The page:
In light of renewed scientific interest in the planet, NASA is working toward an aerial drone that could survive in the harsh upper atmosphere of Venus, according to Science Alert. Now, the agency has taken a first step toward this goal, awarding a contract to Colorado-based Black Swift Technologies, for an aerial vehicle to carry out atmospheric observations on Venus.

According to their CEO, Jack Elston:

“Black Swift Technologies has provided aerial solutions for wild land fires, volcanic observations, tornadoes, and hurricanes — some of the most extreme phenomena on Earth. This mission is a natural extension of our focus, only now we are concentrating on the extreme conditions of Venus.”

Recent climate models have suggested that, like Mars, much of the surface of Venus may have once been covered by water, in the form of a shallow ocean that could have existed 2 billion years ago. Eventually, the planet underwent a runaway Greenhouse Effect that led to the searing hot temperatures it is known for today.

Another recent study, which included NASA scientists, suggested microbial life may exist in cloud tops on Venus. In an interview with the Daily Camera, Elston explained:

“They’re looking for vehicles to explore just above the cloud layer. The pressure and temperatures are similar to what you’d find on Earth, so it could be a good environment for looking for evidence of life. The winds in the upper atmosphere of Venus are incredibly strong, which creates design challenges.”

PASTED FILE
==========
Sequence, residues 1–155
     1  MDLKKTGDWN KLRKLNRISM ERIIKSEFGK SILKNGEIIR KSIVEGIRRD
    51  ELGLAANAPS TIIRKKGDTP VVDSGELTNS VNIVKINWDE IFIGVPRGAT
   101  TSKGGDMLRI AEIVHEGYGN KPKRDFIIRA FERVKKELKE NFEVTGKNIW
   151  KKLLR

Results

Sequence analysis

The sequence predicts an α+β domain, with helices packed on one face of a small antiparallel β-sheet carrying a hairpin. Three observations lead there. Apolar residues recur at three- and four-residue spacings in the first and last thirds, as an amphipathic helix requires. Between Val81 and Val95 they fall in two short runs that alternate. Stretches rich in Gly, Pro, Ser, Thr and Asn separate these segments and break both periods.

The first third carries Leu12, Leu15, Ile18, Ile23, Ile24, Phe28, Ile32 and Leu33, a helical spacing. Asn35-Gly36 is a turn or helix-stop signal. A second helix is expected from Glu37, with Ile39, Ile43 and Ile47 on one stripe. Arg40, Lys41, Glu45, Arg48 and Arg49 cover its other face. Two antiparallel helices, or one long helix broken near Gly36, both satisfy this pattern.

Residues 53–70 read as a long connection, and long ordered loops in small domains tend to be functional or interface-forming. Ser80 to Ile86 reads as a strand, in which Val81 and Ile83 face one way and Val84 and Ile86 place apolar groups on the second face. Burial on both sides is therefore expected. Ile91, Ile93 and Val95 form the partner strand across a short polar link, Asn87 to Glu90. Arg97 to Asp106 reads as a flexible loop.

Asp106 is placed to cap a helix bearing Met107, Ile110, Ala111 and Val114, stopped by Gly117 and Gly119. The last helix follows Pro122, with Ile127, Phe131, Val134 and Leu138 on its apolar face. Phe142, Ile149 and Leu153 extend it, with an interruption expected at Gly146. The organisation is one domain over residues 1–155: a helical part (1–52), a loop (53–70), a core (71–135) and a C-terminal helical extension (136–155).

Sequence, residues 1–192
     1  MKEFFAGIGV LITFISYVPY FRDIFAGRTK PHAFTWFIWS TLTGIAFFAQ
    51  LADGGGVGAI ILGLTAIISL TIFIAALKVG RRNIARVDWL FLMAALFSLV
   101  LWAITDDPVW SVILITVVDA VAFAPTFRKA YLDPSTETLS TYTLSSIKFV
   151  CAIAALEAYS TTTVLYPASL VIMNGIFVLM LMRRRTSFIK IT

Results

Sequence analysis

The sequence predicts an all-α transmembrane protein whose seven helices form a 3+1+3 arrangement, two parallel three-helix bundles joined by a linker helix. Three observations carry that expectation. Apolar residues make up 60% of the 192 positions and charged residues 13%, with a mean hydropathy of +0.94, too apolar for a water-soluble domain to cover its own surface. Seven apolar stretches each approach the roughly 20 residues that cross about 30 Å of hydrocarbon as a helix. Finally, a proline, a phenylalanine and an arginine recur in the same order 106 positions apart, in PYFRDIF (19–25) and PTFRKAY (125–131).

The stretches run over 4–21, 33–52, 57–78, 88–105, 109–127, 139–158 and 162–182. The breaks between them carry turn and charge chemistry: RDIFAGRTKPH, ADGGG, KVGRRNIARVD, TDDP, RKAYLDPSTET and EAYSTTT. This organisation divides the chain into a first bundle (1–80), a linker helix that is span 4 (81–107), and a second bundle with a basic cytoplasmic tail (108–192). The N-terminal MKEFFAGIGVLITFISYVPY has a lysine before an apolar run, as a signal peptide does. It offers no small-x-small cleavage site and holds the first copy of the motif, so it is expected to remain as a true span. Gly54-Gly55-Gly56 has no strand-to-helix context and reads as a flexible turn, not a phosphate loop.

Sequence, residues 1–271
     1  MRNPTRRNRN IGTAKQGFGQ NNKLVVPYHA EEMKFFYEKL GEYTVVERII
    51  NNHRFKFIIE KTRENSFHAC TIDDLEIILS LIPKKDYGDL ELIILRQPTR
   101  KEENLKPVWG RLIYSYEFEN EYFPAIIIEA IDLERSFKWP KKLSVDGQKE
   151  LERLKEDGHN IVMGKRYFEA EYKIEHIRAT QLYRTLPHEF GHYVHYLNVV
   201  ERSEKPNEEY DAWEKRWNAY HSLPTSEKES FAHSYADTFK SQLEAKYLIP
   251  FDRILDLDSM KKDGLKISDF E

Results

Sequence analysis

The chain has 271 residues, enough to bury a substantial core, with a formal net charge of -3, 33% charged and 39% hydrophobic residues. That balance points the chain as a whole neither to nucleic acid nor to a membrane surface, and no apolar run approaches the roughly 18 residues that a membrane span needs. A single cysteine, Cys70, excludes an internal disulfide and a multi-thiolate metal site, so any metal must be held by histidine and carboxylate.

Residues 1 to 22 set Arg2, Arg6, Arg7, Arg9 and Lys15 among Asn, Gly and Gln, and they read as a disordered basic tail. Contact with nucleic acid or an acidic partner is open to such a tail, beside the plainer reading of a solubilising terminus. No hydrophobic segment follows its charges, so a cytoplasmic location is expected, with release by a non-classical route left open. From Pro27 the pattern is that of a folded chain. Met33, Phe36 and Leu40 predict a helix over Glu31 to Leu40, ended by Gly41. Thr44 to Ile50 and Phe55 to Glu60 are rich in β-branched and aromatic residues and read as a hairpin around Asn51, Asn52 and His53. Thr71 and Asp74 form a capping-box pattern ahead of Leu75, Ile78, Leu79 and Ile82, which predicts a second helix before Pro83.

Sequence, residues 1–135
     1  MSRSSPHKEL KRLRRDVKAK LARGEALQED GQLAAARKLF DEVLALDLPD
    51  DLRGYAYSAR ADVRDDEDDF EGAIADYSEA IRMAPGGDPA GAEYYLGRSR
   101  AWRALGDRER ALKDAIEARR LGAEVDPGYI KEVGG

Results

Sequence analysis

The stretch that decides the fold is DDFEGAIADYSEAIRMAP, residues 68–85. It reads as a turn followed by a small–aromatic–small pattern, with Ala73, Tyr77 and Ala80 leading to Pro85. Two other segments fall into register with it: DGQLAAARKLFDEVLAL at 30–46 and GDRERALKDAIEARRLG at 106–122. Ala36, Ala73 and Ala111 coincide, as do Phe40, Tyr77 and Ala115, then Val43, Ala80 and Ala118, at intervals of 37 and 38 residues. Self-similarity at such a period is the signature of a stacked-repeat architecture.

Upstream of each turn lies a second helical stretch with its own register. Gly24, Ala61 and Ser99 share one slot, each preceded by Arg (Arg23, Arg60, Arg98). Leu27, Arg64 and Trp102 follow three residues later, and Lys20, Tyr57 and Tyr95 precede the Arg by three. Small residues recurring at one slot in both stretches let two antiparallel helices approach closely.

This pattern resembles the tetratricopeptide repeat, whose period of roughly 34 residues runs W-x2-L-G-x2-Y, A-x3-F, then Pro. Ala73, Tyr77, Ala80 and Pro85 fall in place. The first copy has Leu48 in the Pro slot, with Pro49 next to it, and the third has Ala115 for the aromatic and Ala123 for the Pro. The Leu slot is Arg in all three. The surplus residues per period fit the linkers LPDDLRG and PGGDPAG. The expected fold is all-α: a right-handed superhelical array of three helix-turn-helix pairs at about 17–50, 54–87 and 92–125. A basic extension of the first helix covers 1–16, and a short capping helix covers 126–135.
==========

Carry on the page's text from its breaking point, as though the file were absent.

The winds reach speeds of 220 miles (360 km) per hour in the upper layer of the atmosphere, which is denser and hotter than that of Earth. BST plans to use these winds to help the drone fly while requiring as little electricity as possible, using a technique called “dynamic soaring,” which takes advantage of wind shear to create lift and velocity.  Small aircraft and seabirds on long migrations use dynamic soaring on Earth.

They have been given a six-month initial contract, including a grant of $125,000 from the federal Small Business Innovation Research program. After that period, the company will submit its plans, and if approved by NASA, would be given a second-phase contract.

The surface temperature of Venus is the hottest in the solar system, at 873 degrees Fahrenheit (467 C). However, at 30 to 40 miles (50 to 65 kilometers) above the surface, temperatures and atmospheric pressure are comparable to Earth. This means that the planet’s upper atmosphere is one of a handful of places in the solar system with conditions most similar to Earth, and therefore a strong candidate for the existence of life.

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